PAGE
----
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Closed Cumberland school eyed for senior housing

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Closed Cumberland school eyed for senior housing

CUMBERLAND — In their latest concept plan for a mixed-use development in the center of town, Bateman Partners is proposing that the closed Drowne Road School become a senior housing facility.

David Bateman presented his Portland company's concept for the multi-phase project Monday to the Town Council. The "Village Green" master development plan, which Bateman called "a work in progress," calls for about 50 homes – a mix of single-family homes and duplexes – to be built on the Doane Property.

Construction at the 40-acre parcel, the first phase in Bateman's plan, would last from 2011 to 2015.

If that phase is approved by the Planning Board and Maine Department of Environmental Protection, Bateman will buy the property from the town for its 2008 assessed value of $425,000.

In the second phase, the Public Works and school bus facilities northeast of the Doane property would be move. In their place would be built six single-family and 12 duplex buildings, along with a 42,900-square-foot mixed-use commercial building that would house 20 residential rental units and 14,300 square feet of retail or office space.

For the third phase, Bateman proposes a senior housing/community center for the 17,600-square-foot Drowne Road School.

As part of Bateman's vision, a four-acre town-owned parcel to the north of the Doane property would also be used for recreation.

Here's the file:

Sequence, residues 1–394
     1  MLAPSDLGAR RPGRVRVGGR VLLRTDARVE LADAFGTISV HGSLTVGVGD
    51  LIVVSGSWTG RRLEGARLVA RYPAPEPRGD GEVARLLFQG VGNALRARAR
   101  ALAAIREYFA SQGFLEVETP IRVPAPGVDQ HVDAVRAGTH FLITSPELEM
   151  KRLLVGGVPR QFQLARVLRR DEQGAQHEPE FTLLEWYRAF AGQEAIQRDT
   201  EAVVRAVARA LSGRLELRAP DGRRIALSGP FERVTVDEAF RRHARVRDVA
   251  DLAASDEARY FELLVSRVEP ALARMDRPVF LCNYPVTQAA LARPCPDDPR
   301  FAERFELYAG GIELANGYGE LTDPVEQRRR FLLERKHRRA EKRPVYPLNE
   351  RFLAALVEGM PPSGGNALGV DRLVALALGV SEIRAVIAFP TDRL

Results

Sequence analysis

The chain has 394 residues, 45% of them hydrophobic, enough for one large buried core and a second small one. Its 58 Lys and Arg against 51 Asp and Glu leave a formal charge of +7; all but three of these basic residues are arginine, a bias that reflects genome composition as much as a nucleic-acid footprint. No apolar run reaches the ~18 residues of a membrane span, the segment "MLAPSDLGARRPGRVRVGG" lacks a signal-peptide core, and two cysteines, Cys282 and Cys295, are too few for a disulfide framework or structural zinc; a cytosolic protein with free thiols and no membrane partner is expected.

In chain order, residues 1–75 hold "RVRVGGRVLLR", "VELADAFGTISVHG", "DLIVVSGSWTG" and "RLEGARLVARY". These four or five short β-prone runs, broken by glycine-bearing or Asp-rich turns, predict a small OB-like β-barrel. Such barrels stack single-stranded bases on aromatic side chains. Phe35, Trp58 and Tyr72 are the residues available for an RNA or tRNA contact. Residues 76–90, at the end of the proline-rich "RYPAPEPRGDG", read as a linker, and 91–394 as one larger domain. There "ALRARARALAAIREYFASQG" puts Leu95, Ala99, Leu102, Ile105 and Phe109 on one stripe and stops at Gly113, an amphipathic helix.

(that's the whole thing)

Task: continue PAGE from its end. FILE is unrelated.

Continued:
"This property lies in basically an area that's off the beaten path, but very much could become a center and a focal point of the town, if developed appropriately," Bateman said.

The Doane Property is bordered to the west by Main Street and to the east by Drowne Road. Wyman Way, to the southwest, would serve as a major access point.

The road through the development would be a connector loop. Pedestrian walking trails are also proposed.

"One of the things we're trying to promote here is a walkable neighborhood, (with) sidewalks, (and) areas of both passive and active recreation," Bateman said.

He said on Tuesday that homes in the development could be priced between $250,000 and $380,000.

Bateman noted that public input is important in the meetings planned for the next few months as the project is further developed.

Town Manager Bill Shane has said the project is consistent with the Comprehensive Plan, which he noted calls for mixed uses in town, increased walk-ability and sustainability, and business development.

"This is property from which the town gets zero revenue right now," Council Chairwoman Shirley Storey-King said. "We own it; no one pays taxes. This could be significant taxable income for the town. So we'll look at that. We'll also balance that out with what will it cost the town for services."

Resident Bob Vail, who serves on the School Administrative District 51 board, said he would not have supported the first phase by itself, noting that with a declining population, more housing units are not necessary. But he said he favored the project as a whole.

The plan for the property will ultimately come back to the Town Council for approval.

Alex Lear can be reached at 373-9060 ext. 113 or alear@theforecaster.net.